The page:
“Maybe the competition now is more between Sacramento and the Bay Area than between the bars,” said Bill Snyder, president of the board of directors of the local Lambda Community Center, which at 1927 L Street isn’t far away from the growing club corner. “Now we’re finally going to have places like in the big cities. It’s exciting that all of our clubs are getting bigger. It means the former capacity doesn’t work anymore. The bottom line is that Sacramento has grown so much in the past 10 years.” Snyder estimates the local LGBT population at around 100,000, which, he said, exceeds the capacities of his own institution.
At the Lambda Community Center’s two weekly youth group meetings, for instance, the average attendance has increased over the last three years from 15 to 70. “Yes, it goes up and down,” Snyder allowed, “but now we really don’t have the facilities to adequately have a large meeting like that; we have people standing in the kitchen and on the stairs. Like the bars, we have to expand our services and our programs.”
Snyder said the center likely will move, sometime in 2006. “It depends what we can afford in a building, and the help we can get from the city, county and state,” he said. “It would be great to stay here because of what the neighborhood represents.”
It’s safe to say the stewards of what the neighborhood represents are Bruce and Sidie. Bruce said the two of them have had many conversations about how to ensure sufficient business for their new ventures. “You run ads in very specific publications,” he said. “And rather than advertising a specific place, you advertise 20th and K.” That’s a generously collaborative strategy, given the oft-cited tension between the two men’s bulging nightlife empires. And in spite of their enormous investments—millions of dollars between them—neither shows any signs of apprehension. Both seem sure that if you build it, they will come.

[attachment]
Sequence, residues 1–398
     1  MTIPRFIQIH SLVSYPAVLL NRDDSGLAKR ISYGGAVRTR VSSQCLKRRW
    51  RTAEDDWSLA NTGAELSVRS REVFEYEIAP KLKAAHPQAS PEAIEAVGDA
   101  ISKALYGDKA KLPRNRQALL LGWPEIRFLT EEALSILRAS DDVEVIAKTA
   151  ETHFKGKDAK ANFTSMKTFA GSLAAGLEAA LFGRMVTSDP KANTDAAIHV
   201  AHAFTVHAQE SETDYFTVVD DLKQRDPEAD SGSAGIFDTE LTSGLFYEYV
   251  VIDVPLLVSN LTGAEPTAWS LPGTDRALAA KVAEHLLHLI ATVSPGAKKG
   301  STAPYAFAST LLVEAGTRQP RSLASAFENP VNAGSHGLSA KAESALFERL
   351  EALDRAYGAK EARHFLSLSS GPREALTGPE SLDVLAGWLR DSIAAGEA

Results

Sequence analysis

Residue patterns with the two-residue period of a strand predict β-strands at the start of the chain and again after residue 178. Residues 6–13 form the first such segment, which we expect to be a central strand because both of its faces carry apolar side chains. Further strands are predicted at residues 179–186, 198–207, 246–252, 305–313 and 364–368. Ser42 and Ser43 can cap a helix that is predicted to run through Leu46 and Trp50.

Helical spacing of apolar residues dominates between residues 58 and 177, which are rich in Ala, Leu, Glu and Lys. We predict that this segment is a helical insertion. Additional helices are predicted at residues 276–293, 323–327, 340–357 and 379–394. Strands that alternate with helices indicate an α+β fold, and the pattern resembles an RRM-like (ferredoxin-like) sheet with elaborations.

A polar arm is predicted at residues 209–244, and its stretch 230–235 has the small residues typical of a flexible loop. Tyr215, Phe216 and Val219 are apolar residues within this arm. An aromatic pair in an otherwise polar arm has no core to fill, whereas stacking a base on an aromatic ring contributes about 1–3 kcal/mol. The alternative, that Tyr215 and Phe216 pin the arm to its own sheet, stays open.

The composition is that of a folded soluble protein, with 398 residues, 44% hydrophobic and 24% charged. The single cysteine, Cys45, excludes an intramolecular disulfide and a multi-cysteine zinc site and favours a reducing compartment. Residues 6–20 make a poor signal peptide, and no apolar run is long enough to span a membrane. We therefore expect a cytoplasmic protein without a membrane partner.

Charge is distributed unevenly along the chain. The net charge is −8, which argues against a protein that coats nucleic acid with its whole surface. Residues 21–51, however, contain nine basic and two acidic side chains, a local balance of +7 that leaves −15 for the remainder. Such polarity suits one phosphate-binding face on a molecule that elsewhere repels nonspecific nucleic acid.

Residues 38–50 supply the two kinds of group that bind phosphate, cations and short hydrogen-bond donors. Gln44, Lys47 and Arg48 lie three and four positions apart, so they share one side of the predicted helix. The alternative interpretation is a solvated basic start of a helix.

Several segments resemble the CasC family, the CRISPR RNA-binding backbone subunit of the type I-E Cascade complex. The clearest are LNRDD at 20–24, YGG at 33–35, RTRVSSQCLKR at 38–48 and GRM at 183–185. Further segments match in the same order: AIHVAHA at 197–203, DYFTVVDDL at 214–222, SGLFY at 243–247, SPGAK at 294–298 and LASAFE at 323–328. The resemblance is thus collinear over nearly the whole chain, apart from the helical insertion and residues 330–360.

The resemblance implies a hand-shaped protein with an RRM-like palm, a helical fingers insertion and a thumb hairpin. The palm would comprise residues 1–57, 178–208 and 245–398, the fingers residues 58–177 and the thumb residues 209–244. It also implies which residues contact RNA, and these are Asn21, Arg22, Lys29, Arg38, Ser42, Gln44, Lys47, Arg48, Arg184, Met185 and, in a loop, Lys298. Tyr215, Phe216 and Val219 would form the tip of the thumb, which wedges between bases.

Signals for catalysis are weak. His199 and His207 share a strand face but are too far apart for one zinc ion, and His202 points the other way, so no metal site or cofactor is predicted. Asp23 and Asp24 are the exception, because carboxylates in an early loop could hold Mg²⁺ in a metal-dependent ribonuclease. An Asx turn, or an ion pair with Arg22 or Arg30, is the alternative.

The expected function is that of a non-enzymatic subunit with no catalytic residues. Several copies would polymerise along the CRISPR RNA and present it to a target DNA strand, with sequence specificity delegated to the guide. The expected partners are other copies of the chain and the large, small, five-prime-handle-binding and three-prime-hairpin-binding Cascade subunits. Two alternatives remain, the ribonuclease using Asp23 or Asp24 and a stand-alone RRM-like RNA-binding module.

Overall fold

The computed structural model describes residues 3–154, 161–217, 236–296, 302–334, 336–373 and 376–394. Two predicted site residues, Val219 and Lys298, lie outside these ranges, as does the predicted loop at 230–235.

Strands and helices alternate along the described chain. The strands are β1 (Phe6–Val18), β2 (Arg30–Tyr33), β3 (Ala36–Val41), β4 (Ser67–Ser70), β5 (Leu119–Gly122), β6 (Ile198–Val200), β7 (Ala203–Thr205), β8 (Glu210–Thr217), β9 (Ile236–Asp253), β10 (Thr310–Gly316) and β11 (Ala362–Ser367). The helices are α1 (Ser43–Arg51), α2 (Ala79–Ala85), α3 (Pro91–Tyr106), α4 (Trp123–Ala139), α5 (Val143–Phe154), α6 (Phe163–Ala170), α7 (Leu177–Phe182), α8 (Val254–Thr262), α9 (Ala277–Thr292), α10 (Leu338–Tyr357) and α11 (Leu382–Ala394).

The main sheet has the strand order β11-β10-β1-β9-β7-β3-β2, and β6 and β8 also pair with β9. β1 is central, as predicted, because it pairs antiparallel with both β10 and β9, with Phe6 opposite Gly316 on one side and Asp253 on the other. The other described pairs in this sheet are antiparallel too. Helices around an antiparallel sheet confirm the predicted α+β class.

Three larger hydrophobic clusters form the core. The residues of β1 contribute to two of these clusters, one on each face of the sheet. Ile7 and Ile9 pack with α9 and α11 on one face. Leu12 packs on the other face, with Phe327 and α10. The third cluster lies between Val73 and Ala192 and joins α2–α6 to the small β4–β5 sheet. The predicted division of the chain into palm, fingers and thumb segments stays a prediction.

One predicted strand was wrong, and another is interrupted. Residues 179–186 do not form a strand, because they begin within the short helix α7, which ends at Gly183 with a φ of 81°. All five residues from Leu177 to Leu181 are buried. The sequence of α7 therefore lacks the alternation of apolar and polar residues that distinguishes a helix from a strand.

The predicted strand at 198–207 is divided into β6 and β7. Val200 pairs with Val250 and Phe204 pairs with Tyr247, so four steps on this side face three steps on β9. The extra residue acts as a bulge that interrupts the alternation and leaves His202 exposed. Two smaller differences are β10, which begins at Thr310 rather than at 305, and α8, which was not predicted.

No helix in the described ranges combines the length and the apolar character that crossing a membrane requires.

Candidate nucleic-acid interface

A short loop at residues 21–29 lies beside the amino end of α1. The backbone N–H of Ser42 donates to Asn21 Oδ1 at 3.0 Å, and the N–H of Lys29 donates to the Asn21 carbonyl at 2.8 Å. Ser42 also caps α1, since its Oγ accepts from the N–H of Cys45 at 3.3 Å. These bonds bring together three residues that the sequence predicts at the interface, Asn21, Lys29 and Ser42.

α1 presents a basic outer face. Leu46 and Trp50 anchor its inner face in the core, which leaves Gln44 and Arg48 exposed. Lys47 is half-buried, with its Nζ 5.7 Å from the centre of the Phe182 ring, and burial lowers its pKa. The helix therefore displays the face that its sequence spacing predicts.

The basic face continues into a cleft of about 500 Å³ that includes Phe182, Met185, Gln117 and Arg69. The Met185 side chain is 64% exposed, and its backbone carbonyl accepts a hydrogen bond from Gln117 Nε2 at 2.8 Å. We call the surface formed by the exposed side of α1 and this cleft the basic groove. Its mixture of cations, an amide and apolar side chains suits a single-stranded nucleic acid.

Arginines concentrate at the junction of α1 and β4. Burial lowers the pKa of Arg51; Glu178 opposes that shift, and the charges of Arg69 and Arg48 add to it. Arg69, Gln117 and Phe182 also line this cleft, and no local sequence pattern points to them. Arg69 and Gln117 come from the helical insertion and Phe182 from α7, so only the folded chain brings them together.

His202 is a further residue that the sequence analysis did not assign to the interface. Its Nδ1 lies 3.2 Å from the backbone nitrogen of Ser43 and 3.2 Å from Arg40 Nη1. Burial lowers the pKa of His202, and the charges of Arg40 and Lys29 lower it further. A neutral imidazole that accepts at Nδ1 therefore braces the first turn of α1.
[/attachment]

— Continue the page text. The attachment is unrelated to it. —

“Now I wish I’d have bought more property!” said Sidie, who also owns the nearby Club 21 and several other local buildings. “We’re up every year. We’re way over a million a year in liquor sales.”
“I don’t think the local gay business owners are misjudging their demographic,” said Chip Conrad, who owns the Bodytribe Fitness center on 21st Street. “Their success so far proves that.” Conrad, who is straight, said the area’s development has been a topic of discussion among his gay clientele—so much so that it prompted “an idea I’ve been playing with for a while,” he said, “which would be a pre-clubbing workout, some sort of open gym for a couple hours on Friday evening before everyone goes out for the night.
“The core of the late-nighters tend to have a pretty high vanity quotient,” he explained. “Sex doesn’t go out of business, and a bar or dance club in a gay community always has the potential to do well. Sacramento may be growing at a rate that makes things real hard for upstart small businesses, so when something as successful as a homegrown club network just keeps growing, we should have a bit of pride.”
“I don’t think you could go wrong on this corner,” said Bruce. “I can’t see people not coming.” Or, as one eager anticipator observed, “it will be like a gay buffet.”